Entrepreneurs should stay out of the ‘reality distortion zone’ and not fall victim to their hope and hype; dealing with customer feedback – even from naysayers – will help focus on real solutions, Aulet advises.

‘Core’ aspects of the startup would be unique features such as network effects, outstanding customer service, lowest cost or best user experience. This will then need to be backed up with business models such as up-front charge, hourly rates, subscription, license, ad support, reselling of analytics, transaction fees, tiered models, shared savings and franchise.

Pricing should be flexible for a range of customers, example for early testers, lighthouse customers and co-creators. Lifetime value calculations are important to gauge the long-term viability of current and future products, and go hand in hand with calculation of customer acquisition costs.

Once a product has been launched, the startup founder then needs to address the challenges of building company culture for the long term, HR strategies, cash flow skills, and corporate governance.

“The world needs more and better entrepreneurs because our world’s problems are becoming more dire, complex and ubiquitous,” Aulet concludes.

The book has a number of witty and inspiring quotes, and it would be nice to end this review with some of them.

“Entrepreneurship is not only a mindset but a skillset.” – Mitch Kapor, Founder, Lotus

“While the spirit of entrepreneurship is often about serendipity, the execution is not.” – Joi Ito, Director, MIT Media Lab

“Ideas are a dime a dozen but great entrepreneurs are what create value.” – Paul Maeder, National VC Association

Financial inclusion: Banking the unbanked.

Pic courtesy: http://www.currencyofprogress.in

Pic courtesy: http://www.currencyofprogress.in

We recently wrote a post on YourStory on how financial inclusion poses a very real business opportunity for startups. In this post, we delve a little further into the social aspects of financial inclusion and the burning need for empowering India’s underserved sections.

Dr. K.C. Chakrabarty, Deputy Governor, Reserve Bank of India, has defined Financial Inclusion in these words, “…the process of ensuring access to appropriate financial products and services needed by all sections of the society in general and vulnerable groups such as weaker sections and low income groups in particular at an affordable cost in a fair and transparent manner by mainstream institutional players.”

In an emerging economy like India, financial inclusion becomes a question of both access to financial products and also the knowledge about their fairness and transparency. Many people who fall in the unbanked category are not adequately informed about the nature of the financial services that might be available to them. Having proper delivery systems and information sharing mechanisms are important for promoting financial inclusion, but at the same time we can’t afford to ignore the demand side factors. Many regions, segments of the population and sub-sectors of the economy have a limited or weak demand for financial services. Their level of inclusion can only be enhanced once issues related to demand side have been addressed.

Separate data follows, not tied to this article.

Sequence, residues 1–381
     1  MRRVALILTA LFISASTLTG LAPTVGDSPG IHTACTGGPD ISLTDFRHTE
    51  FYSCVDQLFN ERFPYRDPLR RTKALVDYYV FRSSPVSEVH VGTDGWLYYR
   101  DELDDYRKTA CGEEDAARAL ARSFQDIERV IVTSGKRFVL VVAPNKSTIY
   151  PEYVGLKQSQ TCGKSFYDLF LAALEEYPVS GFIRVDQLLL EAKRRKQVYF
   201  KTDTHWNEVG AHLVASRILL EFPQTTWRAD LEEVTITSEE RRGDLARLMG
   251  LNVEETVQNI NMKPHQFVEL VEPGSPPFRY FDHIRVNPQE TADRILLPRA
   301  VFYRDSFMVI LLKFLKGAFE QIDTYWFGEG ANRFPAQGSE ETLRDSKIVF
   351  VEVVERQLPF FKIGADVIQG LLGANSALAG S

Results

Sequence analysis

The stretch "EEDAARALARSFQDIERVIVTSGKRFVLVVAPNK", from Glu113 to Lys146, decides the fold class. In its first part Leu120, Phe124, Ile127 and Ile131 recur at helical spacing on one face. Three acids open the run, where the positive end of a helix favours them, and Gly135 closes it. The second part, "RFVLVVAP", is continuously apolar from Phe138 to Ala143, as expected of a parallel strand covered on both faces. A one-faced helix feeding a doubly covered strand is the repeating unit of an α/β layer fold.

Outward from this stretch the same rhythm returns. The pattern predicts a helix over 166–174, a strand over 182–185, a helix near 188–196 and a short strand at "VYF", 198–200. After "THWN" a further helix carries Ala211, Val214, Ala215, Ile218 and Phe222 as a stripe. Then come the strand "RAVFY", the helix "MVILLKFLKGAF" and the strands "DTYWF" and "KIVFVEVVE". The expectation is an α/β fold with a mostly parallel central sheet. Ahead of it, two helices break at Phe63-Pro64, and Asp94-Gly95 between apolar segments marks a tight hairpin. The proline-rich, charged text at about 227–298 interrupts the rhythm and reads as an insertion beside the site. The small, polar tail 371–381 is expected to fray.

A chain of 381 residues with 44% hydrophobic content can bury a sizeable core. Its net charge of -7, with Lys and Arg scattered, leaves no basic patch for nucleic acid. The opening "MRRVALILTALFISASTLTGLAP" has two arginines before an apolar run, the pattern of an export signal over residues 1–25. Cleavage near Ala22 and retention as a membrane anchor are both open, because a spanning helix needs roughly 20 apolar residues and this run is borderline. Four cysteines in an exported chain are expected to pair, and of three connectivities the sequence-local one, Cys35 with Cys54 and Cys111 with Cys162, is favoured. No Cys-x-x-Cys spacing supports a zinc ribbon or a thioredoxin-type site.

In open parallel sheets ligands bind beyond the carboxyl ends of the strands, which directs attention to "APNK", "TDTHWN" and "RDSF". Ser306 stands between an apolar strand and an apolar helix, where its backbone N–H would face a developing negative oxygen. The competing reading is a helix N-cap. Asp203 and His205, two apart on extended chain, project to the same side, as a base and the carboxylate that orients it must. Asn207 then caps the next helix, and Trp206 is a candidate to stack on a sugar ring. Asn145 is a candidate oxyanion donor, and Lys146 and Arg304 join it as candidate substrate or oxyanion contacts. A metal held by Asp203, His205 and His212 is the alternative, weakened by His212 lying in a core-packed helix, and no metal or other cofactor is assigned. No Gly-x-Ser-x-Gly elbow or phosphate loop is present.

Government initiatives – heart in the right place but are the effective?

The Government of India’s agenda of inclusive growth is reflected in the kind of policies and regulations that the policy making and regulating institutions, like RBI, IRDA, PFRDA etc. have been developing over the past decade. There has been in multifold increase in the number of back branches, especially in rural areas; the branch network was around 8,000 in 1969 and now it is more than 89,000, spread across the length and breadth of the country.

The KYC norms for bank accounts with smaller sums of money have already been relaxed. In rural areas, new account holders can be introduced by local citizens. Public Sector banks are providing poor and marginalized sections of the population with a choice of a ‘no frills account’ where the minimum balance is nil or very small, but with restrictions on number of withdrawals etc., to facilitate easy access to bank accounts. Aadhaar can also be very useful for financial inclusion, as it provides all the citizens of the country a rather foolproof way of proving their identity in an easy and seamless manner.

However, these initiatives for strengthening financial inclusion are yet to have a substantial impact on the lives of the excluded population. Over half the Indian population is unbanked. Only about 55% of the population in the country has a deposit account and around 9% has credit accounts with banks. According to data from Reserve Bank of India (RBI), India is the home to largest number of unbanked families (more than 145 million). There is only one bank branch per 14,000 people. The total number of villages in the country is estimated to be more than around 6 Lakh, but the number of scheduled commercial banks (SCBs) and Regional Rural Banks (RRBs) stand at only 33,495.

Financial inclusion for small businesses – a possible solution